This study examines how personal attachments between boundary spanners within cross-cultural international cooperate ventures (ICVs) are established and their association with venture performance. Results of analysis of 282 ICVs in an emerging market (People's Republic of China) show that the development of personal attachment depends on factors at three levels. At the individual level, attachment is an increasing function of overlap in tenure between boundary spanners. At the organizational level, attachment is heightened by goal conqruity between the parent firms but is impeded by cultural distance. At the environmental level, market disturbance and regulatory deterrence lead to strong attachments. Such attachments stimulate an ICV's process performance and increase financial returns.•.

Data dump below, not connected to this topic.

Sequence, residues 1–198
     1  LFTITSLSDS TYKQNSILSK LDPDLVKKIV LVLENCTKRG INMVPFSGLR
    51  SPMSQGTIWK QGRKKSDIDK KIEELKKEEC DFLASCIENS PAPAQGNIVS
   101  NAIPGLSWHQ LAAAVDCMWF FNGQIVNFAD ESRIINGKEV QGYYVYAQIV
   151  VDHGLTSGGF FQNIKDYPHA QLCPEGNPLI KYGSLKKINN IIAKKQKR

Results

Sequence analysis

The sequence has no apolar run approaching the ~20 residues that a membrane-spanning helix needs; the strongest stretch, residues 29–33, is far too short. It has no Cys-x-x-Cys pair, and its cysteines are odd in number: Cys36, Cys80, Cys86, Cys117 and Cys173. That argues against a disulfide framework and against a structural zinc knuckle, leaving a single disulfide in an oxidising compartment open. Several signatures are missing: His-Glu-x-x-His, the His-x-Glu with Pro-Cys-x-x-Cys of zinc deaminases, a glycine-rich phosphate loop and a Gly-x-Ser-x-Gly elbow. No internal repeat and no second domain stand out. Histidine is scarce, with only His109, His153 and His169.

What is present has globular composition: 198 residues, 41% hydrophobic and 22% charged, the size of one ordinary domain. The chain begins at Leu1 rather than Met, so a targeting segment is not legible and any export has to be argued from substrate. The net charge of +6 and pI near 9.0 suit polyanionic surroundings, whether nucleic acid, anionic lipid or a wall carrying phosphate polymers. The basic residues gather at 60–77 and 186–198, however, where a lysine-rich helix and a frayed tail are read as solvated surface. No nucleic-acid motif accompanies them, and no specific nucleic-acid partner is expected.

ASJC Scopus subject areas
- Arts and Humanities (miscellaneous)
- Sociology and Political Science
- Public Administration